Photo Credit: Cricket South Africa
CSA has noted with much sadness, the recent media reports about the organisation’s position on transformation and with specific reference to the use of consultants and particularly white consultants. While we respect the opinions currently doing rounds in the public domain and including some media reports that continue to give coverage to this issue, we want to confirm that CSA has not taken and will not take a decision to work exclusively with black consultants. These stories are factually incorrect.
Transformation has always been one of the five pillars on which Cricket South Africa (CSA) is built. It is indeed a national imperative that is legally embedded in our constitution. It is, therefore, imperative that we constantly remind ourselves of its importance in the way in which we conduct our business.
The media reports around the statements made by our Acting Chief Executive are not a correct reflection of the sentiment that CSA had sought to convey. CSA therefore reiterates that it does not have a policy of excluding any racial grouping, in favour of the other. As part of our corporate business model, CSA has adopted and also subscribes to the country’s BBBEE Act and Affirmative Action policy. What this means is that CSA has a moral and legal obligation to implement these two prescripts, while still embracing the need for all South Africans to live their cricketing dreams regardless of background, culture or ethnicity and this includes the services that we procure from external service providers.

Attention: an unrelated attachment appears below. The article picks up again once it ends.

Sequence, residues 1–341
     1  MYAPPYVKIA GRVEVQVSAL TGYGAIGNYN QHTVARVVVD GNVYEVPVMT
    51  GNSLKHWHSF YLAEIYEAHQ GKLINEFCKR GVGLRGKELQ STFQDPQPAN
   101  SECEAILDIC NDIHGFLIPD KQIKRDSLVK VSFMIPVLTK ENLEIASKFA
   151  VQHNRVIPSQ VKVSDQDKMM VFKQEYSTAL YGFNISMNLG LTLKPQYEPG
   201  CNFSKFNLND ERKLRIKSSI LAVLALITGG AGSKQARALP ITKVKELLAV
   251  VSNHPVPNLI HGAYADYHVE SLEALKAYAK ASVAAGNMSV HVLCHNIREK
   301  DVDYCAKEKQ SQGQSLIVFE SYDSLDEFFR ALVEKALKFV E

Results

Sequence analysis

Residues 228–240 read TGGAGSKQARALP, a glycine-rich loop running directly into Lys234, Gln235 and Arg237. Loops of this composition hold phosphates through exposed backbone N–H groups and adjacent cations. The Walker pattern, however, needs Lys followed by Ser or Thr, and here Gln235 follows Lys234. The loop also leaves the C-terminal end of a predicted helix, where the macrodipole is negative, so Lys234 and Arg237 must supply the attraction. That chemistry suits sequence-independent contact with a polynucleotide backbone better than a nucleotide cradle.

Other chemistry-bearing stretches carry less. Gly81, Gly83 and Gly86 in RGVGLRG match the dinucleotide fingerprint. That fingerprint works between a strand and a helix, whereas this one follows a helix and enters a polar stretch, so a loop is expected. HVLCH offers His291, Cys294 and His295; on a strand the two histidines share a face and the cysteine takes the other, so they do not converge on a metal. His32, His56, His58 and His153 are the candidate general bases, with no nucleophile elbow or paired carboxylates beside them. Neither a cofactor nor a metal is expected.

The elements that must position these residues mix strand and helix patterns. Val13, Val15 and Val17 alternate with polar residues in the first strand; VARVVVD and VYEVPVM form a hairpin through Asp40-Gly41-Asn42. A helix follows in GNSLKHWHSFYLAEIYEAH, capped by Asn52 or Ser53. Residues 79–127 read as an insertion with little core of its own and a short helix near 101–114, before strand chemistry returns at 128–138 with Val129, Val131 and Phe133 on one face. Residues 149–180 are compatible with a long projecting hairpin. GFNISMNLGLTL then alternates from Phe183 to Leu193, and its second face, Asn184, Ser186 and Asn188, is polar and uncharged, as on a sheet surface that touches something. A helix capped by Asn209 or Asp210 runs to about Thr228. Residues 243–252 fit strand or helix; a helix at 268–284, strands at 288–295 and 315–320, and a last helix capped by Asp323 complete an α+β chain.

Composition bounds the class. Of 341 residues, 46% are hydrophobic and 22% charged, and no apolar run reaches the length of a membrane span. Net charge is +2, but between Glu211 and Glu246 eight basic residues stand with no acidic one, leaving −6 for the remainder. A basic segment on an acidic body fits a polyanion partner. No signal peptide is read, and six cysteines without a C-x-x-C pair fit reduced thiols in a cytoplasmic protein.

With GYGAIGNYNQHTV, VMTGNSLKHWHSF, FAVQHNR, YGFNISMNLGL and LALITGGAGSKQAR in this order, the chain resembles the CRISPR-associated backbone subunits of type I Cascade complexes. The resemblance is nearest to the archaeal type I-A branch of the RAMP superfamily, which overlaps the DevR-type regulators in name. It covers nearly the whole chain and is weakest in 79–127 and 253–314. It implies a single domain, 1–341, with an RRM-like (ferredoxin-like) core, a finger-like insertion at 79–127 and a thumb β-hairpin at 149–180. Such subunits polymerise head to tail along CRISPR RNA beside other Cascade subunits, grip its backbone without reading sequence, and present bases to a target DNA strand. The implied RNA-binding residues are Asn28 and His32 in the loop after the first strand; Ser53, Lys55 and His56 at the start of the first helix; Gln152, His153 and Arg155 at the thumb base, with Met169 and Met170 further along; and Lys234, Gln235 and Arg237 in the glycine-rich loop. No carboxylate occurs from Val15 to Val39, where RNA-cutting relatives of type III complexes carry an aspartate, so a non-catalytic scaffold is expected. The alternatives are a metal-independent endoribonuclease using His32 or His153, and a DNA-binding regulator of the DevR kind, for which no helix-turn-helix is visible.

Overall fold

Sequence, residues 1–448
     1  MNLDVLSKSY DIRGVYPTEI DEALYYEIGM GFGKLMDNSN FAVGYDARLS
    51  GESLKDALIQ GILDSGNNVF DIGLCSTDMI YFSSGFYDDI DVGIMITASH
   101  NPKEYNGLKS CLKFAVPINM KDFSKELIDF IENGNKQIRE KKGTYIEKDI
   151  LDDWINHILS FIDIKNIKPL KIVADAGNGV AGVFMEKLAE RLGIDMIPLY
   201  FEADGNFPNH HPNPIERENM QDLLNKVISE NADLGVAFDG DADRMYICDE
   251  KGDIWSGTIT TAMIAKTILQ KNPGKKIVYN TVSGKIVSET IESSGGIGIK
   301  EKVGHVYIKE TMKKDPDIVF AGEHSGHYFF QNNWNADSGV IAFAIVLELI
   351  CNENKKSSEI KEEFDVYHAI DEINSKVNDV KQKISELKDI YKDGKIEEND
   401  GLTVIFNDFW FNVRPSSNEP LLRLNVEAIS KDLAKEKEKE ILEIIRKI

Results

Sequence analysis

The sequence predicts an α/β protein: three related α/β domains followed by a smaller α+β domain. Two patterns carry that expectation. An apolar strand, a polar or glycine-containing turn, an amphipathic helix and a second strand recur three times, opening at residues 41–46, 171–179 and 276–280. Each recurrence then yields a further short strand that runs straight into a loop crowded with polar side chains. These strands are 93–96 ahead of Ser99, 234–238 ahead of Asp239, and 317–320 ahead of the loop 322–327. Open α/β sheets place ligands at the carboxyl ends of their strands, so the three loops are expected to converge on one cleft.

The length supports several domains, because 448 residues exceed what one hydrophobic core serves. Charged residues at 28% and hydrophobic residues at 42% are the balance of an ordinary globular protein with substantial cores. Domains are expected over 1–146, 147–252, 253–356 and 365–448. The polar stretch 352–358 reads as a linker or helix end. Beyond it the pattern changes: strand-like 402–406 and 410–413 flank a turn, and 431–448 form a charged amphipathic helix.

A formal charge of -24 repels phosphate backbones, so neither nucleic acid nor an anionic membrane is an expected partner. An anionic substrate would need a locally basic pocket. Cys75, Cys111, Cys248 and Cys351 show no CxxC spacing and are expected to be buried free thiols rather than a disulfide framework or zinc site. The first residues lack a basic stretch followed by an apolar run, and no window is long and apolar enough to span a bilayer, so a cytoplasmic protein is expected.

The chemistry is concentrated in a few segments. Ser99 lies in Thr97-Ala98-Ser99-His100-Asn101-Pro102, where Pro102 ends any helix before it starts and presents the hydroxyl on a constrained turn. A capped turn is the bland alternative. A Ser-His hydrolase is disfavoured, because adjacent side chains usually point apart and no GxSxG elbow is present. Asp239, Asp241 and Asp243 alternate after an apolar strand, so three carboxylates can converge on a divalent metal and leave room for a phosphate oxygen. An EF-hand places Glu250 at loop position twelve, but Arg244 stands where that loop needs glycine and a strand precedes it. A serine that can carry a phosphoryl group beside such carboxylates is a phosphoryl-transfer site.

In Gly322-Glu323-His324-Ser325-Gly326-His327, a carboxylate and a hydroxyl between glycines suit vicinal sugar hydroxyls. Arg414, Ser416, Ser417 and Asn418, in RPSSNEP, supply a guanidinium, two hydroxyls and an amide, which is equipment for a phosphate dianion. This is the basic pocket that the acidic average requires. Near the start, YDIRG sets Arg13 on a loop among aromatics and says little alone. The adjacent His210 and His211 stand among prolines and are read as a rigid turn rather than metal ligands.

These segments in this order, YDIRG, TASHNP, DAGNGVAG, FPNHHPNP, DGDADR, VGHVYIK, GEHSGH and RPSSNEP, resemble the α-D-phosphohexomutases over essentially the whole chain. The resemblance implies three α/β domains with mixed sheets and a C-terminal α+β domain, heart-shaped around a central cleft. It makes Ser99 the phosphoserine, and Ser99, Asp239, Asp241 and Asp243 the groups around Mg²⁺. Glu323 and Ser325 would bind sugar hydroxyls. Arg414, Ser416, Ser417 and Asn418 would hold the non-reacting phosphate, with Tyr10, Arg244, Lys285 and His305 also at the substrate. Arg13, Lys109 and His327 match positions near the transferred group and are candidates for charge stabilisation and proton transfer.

Our view is that transformation is not just about our human capital which we value very highly but covers all areas of our operations. A good example has been the transformation of our business model to provide essential sustainability not only to Cricket South Africa but to its affiliate members and franchises.
What we know and have engendered into our business philosophy is that NO business can hope to thrive or grow if it does not extend its appeal to all South Africans and broaden its potential market. Therefore, we acknowledge that diversity is a strength not a weakness. As a democratic and non-racial institution CSA is well aware of the need to provide equality and quality of opportunity to all and we do also emphasise that this has to be seen in the context of our unhappy history that for more than a century had deprived the majority of our population from living their cricket dreams both on the field of play and in many other areas.
CSA regrets that current coverage of our intention to convey this important issue.